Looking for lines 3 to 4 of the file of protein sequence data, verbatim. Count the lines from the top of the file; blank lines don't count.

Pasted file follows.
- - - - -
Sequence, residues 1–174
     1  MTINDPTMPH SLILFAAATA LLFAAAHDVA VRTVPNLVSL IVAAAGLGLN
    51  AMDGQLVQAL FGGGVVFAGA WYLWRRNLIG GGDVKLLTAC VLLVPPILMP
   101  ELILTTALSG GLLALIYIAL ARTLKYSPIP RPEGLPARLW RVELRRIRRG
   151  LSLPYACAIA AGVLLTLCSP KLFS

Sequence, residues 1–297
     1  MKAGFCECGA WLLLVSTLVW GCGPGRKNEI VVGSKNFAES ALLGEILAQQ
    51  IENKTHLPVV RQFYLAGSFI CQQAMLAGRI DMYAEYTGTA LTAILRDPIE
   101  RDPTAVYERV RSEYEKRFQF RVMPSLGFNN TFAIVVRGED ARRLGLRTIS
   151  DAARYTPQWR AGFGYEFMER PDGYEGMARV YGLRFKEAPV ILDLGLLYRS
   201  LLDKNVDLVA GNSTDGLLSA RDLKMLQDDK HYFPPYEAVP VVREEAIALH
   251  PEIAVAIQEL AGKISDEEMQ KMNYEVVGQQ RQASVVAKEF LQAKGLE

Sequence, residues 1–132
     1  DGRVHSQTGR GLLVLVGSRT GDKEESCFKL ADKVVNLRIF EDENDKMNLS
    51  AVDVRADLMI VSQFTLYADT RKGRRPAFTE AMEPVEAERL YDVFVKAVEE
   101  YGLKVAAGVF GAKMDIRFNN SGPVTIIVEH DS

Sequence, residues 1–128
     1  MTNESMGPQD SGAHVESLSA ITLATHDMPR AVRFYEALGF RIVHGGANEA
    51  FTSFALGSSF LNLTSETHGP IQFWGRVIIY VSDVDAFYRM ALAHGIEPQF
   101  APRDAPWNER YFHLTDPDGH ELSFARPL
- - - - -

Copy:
    51  AMDGQLVQAL FGGGVVFAGA WYLWRRNLIG GGDVKLLTAC VLLVPPILMP
   101  ELILTTALSG GLLALIYIAL ARTLKYSPIP RPEGLPARLW RVELRRIRRG